- Parliament on December 8, 2021, passed the Dam Safety Act. It provides for surveillance, inspection, operation and maintenance of dams, for prevention of dam failure related disaster, and also makes provision for institutional mechanisms to ensure their safe functioning.
History of Dam Safety Law
The government decided to draft India’s first Dam Safety Law, way back in 1987.
The Dam Safety bill was first introduced in the Lok Sabha in 2010, but was withdrawn, following several changes recommended by the Standing Committee.
A modified bill was introduced subsequently, but it lapsed after the dissolution of the 15th Lok Sabha. The bill was introduced afresh in the lower house again in 2019.
Jurisdiction of Parliament
Though water is under the state list, the Centre brought the legislation under Article 246 of the Constitution, read with Entry 56 and Entry 97 of List I in the Union list.
Article 246 empowers Parliament to legislate on any matter enumerated in List I of the Union list in the Seventh Schedule of the Constitution.
Entry 56 allows Parliament to make laws on the regulation of inter-state rivers and river valleys, if it declares such regulation to be expedient in public interest.
Entry 97 allows Parliament to legislate on any other matter, not enumerated in List II or List III, including any tax not mentioned in either of those Lists.
Need for Dam Safety Law
According to the Central Water Commission (CWC), the safety law is important because dams are ageing and they are a cause of concern for people living in the areas nearby.
Safety of dams becomes important in the emerging scenario of India’s water crisis, linked with its growing population, as also the climate change.
It is also necessary to safeguard the huge public investment in this critical public infrastructure, as also, for ensuring continuity of benefits derived from dams.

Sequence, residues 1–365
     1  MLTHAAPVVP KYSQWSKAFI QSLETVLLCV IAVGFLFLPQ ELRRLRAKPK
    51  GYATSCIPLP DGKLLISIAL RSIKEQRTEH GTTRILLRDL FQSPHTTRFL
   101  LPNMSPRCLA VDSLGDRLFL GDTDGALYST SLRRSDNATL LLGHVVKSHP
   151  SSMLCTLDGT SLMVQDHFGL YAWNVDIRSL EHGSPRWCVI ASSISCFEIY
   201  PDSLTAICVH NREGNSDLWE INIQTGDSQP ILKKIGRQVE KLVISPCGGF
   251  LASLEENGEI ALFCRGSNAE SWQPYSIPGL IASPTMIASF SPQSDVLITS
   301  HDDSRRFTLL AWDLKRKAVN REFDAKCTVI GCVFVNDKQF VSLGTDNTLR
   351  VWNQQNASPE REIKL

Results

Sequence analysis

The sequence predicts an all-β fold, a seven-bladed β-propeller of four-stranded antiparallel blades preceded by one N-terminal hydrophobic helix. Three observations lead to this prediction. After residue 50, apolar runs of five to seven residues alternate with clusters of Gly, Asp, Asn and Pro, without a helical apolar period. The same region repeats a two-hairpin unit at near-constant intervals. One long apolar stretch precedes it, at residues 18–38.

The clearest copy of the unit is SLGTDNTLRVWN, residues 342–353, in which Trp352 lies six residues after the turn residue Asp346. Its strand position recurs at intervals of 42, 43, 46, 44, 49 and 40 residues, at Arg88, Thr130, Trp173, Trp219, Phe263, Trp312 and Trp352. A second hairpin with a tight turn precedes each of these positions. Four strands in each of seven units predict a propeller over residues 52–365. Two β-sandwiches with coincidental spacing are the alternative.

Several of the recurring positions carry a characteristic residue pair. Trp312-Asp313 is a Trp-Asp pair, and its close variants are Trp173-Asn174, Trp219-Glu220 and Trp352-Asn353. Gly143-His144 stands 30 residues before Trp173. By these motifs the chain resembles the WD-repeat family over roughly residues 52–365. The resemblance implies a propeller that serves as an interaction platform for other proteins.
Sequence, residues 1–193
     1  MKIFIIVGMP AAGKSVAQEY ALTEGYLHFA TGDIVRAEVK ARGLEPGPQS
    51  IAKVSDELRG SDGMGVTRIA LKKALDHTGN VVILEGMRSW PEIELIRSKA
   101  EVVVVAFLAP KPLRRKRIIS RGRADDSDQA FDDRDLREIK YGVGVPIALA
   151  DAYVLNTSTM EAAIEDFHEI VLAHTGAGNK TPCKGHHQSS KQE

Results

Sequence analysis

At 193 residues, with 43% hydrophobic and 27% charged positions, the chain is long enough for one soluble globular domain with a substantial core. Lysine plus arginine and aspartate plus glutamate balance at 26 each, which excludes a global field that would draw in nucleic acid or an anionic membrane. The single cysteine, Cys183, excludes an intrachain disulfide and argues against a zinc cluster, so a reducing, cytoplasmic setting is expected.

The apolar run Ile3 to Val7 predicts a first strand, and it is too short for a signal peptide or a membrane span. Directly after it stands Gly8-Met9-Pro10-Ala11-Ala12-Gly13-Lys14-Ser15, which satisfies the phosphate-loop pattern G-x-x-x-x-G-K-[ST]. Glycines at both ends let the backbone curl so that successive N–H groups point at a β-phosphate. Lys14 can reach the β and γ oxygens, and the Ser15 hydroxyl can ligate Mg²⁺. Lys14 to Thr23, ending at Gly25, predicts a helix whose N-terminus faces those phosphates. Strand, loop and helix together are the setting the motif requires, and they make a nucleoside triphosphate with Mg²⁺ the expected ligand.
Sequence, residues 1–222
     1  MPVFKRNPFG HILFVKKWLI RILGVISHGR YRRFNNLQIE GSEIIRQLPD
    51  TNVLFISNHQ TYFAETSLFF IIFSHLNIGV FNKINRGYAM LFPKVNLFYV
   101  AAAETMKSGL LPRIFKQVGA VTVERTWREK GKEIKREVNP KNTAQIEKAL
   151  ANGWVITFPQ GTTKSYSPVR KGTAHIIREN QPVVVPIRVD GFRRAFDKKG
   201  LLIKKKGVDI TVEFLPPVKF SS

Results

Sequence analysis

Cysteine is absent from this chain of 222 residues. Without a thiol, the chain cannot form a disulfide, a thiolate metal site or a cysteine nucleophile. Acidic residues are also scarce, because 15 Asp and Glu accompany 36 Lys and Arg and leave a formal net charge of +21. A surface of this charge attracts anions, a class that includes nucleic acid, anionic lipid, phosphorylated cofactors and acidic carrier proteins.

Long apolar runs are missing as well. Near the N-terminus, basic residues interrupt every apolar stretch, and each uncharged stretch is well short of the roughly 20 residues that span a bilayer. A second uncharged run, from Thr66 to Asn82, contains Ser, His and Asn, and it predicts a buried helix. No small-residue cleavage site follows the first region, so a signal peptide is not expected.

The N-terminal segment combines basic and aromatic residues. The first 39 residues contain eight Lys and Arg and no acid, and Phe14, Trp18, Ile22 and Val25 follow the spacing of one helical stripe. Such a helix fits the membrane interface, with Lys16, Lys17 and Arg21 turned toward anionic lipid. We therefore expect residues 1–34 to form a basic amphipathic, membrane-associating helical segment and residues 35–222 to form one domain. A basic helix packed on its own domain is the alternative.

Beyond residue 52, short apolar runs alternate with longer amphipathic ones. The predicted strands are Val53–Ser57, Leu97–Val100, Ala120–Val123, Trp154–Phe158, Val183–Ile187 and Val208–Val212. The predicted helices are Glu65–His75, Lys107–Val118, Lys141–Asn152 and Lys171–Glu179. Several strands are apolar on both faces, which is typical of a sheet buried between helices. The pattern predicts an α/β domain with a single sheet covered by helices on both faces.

According to Jal Shakti Ministry around 40 dams had collapsed in the country since Independence. Safety law is necessary to prevent such mishaps.
Around 18 States and five Dam Owning Organizations have created their own Dam Safety Organizations (DSOs). But there is a need for Central Law.
To ensure dam safety, there will be four layers of monitoring, two at the central level and two at the state level.
A National Committee on Dam Safety (NCDS) will be set up at the Central level, which will be headed by Central Water Commission (CWC) chairman, and include 10 representatives of the Central Government, not below the rank of Joint Secretary.
A National Dam Safety Authority (NDSA) will implement policy, guidelines and standards, evolved by NCDS.
At the state level, there will be a State Dam Safety Organization (SDSO), which shall keep perpetual surveillance, carry out inspections and monitor the operation and maintenance of specified dams falling under their jurisdiction.
States will also have to constitute a State Committee on Dam Safety.
The bill covers dams which are above 15 metres in height or between 10 metres and 15 metres in height and satisfy at least one of specified conditions. The bill provides for stringent penalties in case of violations, including two years of jail term.